11. Where can I find latest research in all fields

    As fuzzy said, it is impossible to do this and keep up in ALL fields. It's hard enough as someone who specializes in just one field to keep up with the literature in that field! Ask any academic and you'll find that many people have to work hard to keep up to date on just their subfield! So I am assuming you are not asking to keep up at the professional academic level in all subfields. If you are asking for leisure reading / hobbies, then I would suggest subscribing to some broad journals. For example, for the sciences, two top tier journals are Nature ( and Science ( If you are not familiar with these journals, they are top tier journals in the sciences and are very competitive to publish in. They often require your result to be of especially high impact. They publish in all fields of science (Nature has many other "brands" for individual fields too). So a subscription to either (or both) of these journals will give you a good taste of a broad range of research in the sciences. But as I said, these journals only publish the articles/work that they feel is most impactful, so you'll definitely not get all research, just one slice. Since the audience is meant to be very broad, the articles are also often written so that anyone with some science background should be able to get the main point (although many researchers will tell you that articles in their subfield feel very shallow since the main article doesn't go into very much depth). These journals also have good summary articles where another scientist will write about the impact / importance of one of their feature articles each week (issues are published weekly), usually meant for a non-expert to understand the article. Nature costs $200 per year to subscribe (in Canada) and Science costs $50-$100 per year if you just want the digital version. Of course, if you are a current student or member of a university somewhere, your school likely already subscribes so you can just access them through your library. But if you are not in academia right now and just want to read some scientific articles as a hobby and you have the money, a subscription like this could be fun.
  12. ODU vs BGSU - Please help me choose!

    Thank you so, so much for your thoughtful answer, GallifreyGirl. I've been trying to draw up a detailed pros and cons list for the longest time and your answer really helped me get a start on that! 1. The funding is the same, but BGSU needs me to pay other (university) fees, but it's manageable. ODU covers most of my other fees. I won't be going into debt either way. 2. 3 funded years is definitely a dream. 3. I'm an engineer by qualification. I don't have a literature background, so I suppose this makes ODU a good fit for me. 4. BGSU lets me teach creative writing. ODU lets me teach only comp. Both have light teaching loads. 5. As for standard of living, I can live anywhere as long as I have good internet. I mean, it'd be good to have the option to go somewhere, see places, etc., but I don't think I'd mind either. I don't mind the weather as well. I'm from the tropics, so used to super-hot weather, but I've lived in Pittsburgh before and I actually like winters. 6. Faculty. Ah, yes. I'm going to say this is a tie for me. I love both. orz Here are two other things I'm considering: 1. BGSU is an openly "non-terminal" MFA degree. I'm considering taking the PhD route after this, so BGSU would help me there. But ODU says it's terminal, but that doesn't mean the PhD route is closed to me. I'm confused... 2. BGSU seems to have smaller fiction workshops, which I happen to like. 3. I'm very excited about the opportunity to work with BGSU's Mid-American Review. Clearly I love both the courses, but I'm slightly more excited by BGSU (I've also known about their acceptance for longer, I've spoken to their current students, and I've had a lot of time to think about them). Trying really hard to be objective here! ;w;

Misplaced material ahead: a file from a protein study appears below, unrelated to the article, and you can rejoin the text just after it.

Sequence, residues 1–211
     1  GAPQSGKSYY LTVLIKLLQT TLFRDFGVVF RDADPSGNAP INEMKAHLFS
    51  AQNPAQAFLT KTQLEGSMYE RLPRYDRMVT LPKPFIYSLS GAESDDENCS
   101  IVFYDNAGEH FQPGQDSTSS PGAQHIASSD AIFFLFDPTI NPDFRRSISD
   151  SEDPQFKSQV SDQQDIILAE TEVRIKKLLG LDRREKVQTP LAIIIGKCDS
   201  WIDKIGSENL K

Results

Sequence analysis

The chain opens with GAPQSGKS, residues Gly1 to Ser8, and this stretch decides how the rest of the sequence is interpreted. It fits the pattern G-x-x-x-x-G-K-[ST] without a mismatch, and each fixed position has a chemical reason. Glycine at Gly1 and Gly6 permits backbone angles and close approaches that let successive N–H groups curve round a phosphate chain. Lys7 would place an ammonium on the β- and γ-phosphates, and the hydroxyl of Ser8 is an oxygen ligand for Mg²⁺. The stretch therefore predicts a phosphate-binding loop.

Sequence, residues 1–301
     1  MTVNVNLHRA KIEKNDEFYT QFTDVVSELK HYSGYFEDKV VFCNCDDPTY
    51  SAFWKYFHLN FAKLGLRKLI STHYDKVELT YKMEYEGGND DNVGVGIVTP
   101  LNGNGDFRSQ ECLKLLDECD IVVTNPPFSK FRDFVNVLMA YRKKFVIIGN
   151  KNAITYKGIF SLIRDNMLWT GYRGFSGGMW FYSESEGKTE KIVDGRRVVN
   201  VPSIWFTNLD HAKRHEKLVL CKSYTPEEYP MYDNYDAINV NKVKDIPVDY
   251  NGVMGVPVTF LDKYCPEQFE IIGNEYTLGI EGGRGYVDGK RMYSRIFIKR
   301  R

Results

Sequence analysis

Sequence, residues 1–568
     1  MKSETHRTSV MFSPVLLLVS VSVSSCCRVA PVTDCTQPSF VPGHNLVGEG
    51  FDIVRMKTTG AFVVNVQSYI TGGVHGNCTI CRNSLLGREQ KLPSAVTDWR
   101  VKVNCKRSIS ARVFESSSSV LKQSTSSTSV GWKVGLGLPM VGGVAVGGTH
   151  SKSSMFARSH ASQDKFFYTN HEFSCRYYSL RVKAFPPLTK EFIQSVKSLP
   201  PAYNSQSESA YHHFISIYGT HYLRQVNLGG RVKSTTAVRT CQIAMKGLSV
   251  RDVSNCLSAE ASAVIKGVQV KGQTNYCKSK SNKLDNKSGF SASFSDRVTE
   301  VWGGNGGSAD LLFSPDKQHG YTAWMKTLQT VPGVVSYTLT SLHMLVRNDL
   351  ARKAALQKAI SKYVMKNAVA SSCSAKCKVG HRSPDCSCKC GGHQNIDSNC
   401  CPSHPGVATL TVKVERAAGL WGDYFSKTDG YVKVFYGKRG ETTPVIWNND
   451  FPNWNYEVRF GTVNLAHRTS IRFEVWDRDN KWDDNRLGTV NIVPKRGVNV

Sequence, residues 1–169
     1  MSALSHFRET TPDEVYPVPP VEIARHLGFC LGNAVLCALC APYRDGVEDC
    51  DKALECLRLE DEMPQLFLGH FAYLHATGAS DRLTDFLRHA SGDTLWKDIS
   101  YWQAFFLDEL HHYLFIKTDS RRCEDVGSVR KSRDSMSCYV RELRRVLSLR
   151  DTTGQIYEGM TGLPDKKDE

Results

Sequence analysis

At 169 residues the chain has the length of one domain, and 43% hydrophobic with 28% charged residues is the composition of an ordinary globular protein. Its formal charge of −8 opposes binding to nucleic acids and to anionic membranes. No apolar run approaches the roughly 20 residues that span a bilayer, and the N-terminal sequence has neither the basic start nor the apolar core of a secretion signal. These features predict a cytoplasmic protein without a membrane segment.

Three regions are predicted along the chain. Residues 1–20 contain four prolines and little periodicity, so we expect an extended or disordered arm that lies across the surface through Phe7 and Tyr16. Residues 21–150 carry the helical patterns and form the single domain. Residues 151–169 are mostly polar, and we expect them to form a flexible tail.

13. Fall 2018 Applicants

    Oh wow. I’m still waiting to hear from them. Has as anyone heard from BC or Texas A&M?
  14. NSF GRFP 2017-18

    I want to get off NSF's Wild Ride
  15. CMU Heinz AmeriCorps Issues

    I think your big issue is going to come with your credentials verification and not completing your term of service, thus an issue with your resume and creds. I understand not wanting to lose Segal, it’s something I am heavily relying on for CMU. I think if you’re upfront with Heinz, it should be okay? But, it’s hard to tell what will happen with your SPS. If I were you, I’d reach out to admissions and discuss your predicament, with a backup plan for scholarship. I think being an Americorps participant should hold its same weight, even without completing the term of service.
  16. Housing: send an email to the department admin and they'll likely circulate your info to the current grad students who may be looking for a roommate or know someone needing a roommate Social life: I thought I'd be a loner, blah blah blah, but I've formed a group of people who go out fairly frequently,, chat, etc. Also, see if your department has (unofficial) mentors. Having a senior grad student usher me into life in our department helped tremendously. On campus housing: a scam. Usually costs more than a regular apartment and often locks you into a restrictive leasing agreement
  17. Where Top-Tier PhD Students Got Their BA/MA

    While I'm sure top school --> top grad school is likely the norm, there are outliers--myself included. I attended an unranked state school in the middle of nowhere and am attending a Top 15 program. The culture of a top private university is my biggest adjustment, which is probably why top school --> top grad school is more likely--it's pretty self-selective since these students have support built into their undergrad experience (e.g. Mellon Mays, Summer Research, access to funding, leading scholars, etc) to nurture them towards attending grad school. During a low point in the academic year, I asked my adviser why I was accepted. At our following meeting, they pulled up my application with the admissions committee's comments, and apparently, they were excited to accept a student with my unique background. All of this is to say that the stats don't tell the whole story.